Tertius Kapp and Jaco Bouwer’s Gaia is a South African eco-horror with plenty of monstrous fun lurking deep in the jungles. When park rangers Gabi (Monique Rockman) and Winston (Anthony Oseyemi) embark upon a routine surveillance mission in a primordial forest, they are quickly thrown a curve ball when the drone Gabi is piloting comes face to face with a human and is struck down. Gabi insists on retrieving the drone, which Winston wisely warns her against, saying something akin to “sometimes you are just like those white folks”, as in the must-go-and investigate horror movie trope. In spite of Winston’s initial instinct, Gabi insists and he appeases. As she searches for her drone, Gabi encounters a father and son duo living off the grid, in a post-apocalyptic fashion. They are covered in mud, for the most part dressed only in loincloths and armed with homemade weapons.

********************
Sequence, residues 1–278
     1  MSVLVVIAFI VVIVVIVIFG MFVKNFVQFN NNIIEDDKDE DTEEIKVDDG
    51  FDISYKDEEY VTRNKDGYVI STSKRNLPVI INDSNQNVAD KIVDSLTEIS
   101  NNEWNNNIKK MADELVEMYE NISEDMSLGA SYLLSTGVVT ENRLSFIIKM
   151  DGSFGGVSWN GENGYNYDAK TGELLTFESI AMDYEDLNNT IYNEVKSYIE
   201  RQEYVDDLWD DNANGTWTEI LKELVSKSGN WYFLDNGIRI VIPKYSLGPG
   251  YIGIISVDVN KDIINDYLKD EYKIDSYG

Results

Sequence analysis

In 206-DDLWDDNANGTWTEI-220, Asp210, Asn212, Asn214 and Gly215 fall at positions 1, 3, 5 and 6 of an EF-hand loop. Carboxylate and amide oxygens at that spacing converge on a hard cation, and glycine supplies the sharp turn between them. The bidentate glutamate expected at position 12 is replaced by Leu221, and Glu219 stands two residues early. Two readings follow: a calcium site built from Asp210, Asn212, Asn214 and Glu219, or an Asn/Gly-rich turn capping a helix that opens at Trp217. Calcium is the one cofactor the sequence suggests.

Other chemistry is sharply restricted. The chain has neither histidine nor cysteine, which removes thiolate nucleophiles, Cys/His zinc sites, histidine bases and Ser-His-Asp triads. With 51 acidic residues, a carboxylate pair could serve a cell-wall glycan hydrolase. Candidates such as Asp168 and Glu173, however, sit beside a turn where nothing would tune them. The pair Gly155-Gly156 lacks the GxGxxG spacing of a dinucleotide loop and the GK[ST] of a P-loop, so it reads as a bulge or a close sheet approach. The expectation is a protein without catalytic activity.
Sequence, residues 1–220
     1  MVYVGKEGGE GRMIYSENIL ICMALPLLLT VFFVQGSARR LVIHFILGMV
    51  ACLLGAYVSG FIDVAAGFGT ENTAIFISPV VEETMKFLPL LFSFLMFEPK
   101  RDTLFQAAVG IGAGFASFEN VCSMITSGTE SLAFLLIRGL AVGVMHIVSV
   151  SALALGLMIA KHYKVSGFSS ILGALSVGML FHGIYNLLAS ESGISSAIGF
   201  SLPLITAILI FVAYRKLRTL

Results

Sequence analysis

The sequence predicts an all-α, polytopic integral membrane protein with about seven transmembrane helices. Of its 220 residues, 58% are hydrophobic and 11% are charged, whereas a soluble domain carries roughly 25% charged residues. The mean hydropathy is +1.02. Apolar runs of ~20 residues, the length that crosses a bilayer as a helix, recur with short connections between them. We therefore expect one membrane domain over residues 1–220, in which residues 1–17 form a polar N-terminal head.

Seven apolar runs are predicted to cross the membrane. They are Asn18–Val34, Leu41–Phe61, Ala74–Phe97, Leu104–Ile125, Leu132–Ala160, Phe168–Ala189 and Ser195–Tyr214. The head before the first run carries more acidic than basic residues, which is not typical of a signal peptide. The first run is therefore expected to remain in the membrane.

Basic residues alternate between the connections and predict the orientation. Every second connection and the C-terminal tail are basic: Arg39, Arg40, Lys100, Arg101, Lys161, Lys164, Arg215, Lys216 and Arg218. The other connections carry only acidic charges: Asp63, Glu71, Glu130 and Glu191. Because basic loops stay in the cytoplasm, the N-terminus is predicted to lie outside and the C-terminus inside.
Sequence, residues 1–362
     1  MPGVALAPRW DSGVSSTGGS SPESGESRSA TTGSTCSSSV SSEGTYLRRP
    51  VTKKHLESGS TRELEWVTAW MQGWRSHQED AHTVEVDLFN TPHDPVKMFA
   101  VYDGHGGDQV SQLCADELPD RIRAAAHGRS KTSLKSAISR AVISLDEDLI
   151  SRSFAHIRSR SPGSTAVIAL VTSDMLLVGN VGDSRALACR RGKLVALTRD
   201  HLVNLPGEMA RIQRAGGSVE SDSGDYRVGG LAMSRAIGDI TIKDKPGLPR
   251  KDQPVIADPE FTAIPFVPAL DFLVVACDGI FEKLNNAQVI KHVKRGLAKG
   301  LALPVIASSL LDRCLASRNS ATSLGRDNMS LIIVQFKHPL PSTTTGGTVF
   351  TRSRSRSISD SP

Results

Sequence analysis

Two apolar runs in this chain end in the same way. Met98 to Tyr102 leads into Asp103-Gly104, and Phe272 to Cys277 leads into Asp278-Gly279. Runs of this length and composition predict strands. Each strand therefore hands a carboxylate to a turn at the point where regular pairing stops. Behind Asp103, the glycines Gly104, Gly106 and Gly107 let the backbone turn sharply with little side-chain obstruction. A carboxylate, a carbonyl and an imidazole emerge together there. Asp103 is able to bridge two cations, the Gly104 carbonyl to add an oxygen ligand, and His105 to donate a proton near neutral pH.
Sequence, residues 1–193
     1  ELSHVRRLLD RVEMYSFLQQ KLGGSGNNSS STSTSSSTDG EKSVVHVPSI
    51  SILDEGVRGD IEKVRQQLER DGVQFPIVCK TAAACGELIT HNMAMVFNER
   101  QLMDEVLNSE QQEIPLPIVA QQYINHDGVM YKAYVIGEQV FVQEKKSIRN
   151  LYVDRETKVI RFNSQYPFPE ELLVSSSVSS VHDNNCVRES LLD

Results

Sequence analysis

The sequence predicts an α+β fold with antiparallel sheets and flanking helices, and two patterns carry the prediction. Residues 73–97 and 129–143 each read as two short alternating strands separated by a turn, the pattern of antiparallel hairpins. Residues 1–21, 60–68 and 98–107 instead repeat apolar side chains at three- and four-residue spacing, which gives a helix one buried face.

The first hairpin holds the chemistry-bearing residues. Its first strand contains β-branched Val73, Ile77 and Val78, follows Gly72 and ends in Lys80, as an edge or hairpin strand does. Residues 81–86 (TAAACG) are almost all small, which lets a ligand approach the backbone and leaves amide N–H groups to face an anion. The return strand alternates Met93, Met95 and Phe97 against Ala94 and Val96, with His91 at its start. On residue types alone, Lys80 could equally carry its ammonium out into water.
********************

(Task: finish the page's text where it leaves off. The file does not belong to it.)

While it initially seems this movie might be in the vein of Deliverance it takes a turn more akin to elements reminiscent of Annihilation complete with strange spores drifting through the air. The newly formed trio is forced to fend off attacks from strange jungle creatures and Gabi begins to learn more about the reasons behind the father and son’s existence in the jungle. There are a good amount of creature effects and body horror, invoking bits of The Ruins along with disturbing psychedelic nightmares. This cautionary sci-fi tale dealing with humanity choosing its own demise hits a little too close to home as fantasy and reality collide in the form of a potentially rapidly spreading threat that could manifest in multiple forms- be it climate change, disease, violence, a stark reminder that the list is potentially endless when it comes to the multitude of ways in which we hurt ourselves.